Reason related to what led to the extinction of dinosaurs remains debatable. Until now, the most acceptable theory states that around sixty six million years ago, an asteroid as wide as 5 miles and moving at a speed of 70,000 miles per hour bumped into the Earth. The dust from this massive collision blocked the sun and in turn causing catastrophic chains of events that led the extinction of dinosaurs along with three-quarters of other species of the planet.
However, researchers from MIT and Princeton University have found evidences supporting another theory. According to this theory, a crucial volcanic eruptions began just before the crash, possibly is also one of the reasons that led to the extinction of dinosaurs.
Researchers dated rocks collected from western-central India, known as Deccan traps. Studying the samples, they found that the volcanic activity started 250,000 years prior the asteroid collision and went on for 500,000 years after the collision. The eruption was so massive that lava layer around a mile and a half-thick covered 123,000 cubic miles of land.
Released gases might have increased temperature and acid levels in the ocean
Researchers believe that gases released during this period might have led to the drastic change in temperatures and acid levels in the ocean, making Earth inhospitable for dinosaurs and other forms of life. The study backed high-precision geochronology to know the age of the lava rocks from the Deccan Traps suggests that volcanic activities were one major factor that led dinosaurs demise, but unfortunately the exact turning point for the mass extinction still remains unanswered.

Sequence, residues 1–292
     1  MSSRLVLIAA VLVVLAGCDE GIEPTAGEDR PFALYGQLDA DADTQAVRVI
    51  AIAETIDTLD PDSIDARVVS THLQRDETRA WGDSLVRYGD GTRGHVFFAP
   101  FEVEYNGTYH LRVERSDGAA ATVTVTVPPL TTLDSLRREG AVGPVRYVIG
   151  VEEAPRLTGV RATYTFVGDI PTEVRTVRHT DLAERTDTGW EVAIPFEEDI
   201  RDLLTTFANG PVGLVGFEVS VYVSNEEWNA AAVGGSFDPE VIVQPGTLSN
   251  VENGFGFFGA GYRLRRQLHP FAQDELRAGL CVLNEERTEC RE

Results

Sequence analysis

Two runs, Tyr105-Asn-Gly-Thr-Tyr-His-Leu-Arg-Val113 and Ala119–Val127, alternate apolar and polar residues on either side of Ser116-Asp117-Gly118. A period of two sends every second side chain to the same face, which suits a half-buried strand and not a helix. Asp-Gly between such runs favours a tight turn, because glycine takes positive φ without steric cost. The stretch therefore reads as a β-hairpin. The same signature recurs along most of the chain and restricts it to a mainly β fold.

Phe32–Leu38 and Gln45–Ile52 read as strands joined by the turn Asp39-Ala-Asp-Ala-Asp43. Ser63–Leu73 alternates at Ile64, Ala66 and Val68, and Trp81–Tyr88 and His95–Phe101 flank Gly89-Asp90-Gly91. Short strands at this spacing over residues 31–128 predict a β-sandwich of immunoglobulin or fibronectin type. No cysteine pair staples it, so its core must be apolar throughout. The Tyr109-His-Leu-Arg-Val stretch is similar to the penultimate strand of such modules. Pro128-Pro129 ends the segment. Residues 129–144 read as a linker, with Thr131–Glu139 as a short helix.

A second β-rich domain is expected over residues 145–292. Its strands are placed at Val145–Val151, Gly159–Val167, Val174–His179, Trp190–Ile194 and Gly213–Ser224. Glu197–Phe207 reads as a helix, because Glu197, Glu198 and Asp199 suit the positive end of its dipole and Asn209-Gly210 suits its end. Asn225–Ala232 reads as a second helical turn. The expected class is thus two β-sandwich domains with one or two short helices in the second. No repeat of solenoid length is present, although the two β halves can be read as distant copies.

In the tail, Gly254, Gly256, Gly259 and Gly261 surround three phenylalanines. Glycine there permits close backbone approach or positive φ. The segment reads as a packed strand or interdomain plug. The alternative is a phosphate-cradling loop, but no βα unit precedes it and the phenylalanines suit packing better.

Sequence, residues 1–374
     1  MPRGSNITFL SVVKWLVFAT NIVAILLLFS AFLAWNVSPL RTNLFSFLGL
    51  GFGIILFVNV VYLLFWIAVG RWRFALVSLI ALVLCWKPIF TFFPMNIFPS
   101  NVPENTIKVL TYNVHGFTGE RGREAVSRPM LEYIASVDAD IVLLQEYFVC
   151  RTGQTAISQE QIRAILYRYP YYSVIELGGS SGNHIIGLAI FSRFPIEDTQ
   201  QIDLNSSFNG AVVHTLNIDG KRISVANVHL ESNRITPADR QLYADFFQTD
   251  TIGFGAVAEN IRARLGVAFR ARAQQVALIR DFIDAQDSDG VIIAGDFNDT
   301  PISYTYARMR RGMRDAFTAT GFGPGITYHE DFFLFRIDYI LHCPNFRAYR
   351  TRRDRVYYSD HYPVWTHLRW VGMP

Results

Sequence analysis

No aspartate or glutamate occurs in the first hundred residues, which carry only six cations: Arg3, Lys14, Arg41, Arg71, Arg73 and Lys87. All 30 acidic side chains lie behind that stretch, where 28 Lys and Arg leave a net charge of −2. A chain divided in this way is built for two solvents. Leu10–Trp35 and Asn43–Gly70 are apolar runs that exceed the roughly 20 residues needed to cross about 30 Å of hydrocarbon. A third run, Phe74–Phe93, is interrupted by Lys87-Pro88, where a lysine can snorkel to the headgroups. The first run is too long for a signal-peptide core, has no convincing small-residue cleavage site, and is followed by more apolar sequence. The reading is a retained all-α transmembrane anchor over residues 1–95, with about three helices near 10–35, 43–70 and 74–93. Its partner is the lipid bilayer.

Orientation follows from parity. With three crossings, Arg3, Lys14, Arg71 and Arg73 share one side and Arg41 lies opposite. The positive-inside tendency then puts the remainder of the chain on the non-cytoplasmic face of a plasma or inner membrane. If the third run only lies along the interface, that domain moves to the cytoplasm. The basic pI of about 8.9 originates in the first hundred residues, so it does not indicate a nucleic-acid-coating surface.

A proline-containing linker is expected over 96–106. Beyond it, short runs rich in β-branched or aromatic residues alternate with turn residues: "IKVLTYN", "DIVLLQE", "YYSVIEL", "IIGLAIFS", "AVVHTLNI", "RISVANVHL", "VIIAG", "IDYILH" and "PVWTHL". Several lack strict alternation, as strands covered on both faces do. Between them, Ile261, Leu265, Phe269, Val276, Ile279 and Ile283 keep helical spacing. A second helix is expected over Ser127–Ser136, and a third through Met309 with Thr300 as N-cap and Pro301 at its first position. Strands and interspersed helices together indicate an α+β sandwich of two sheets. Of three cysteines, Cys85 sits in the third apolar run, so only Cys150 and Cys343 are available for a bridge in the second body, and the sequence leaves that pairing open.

Professor of Earth and Planetary Sciences at MIT, Sam Bowring says that the asteroid collision may be the reason behind the extinction, but the volcanic eruptions may have a role to play as it altered the environment, thus setting up the initial stage for devastation.
Volcanic Eruptions or Asteroid Collision
Until 1980, precise reasons that caused dinosaur extinction was not known, although it was postulated that immense volcanic eruptions led the extinction. But in 1980, in Italy, the discovery of a rare element known as iridium, found mainly in extra-terrestrial materials and later locating Chicxulub crater in Mexico indicated asteroid collision caused the mass extinction.
Now with new evidences, researchers suggest that both catastrophes was involved that led the end of dinosaurs that ruled the planet. Researchers still say there is a lot to find before one can explain the exact series of events that caused the fallout of many species of life.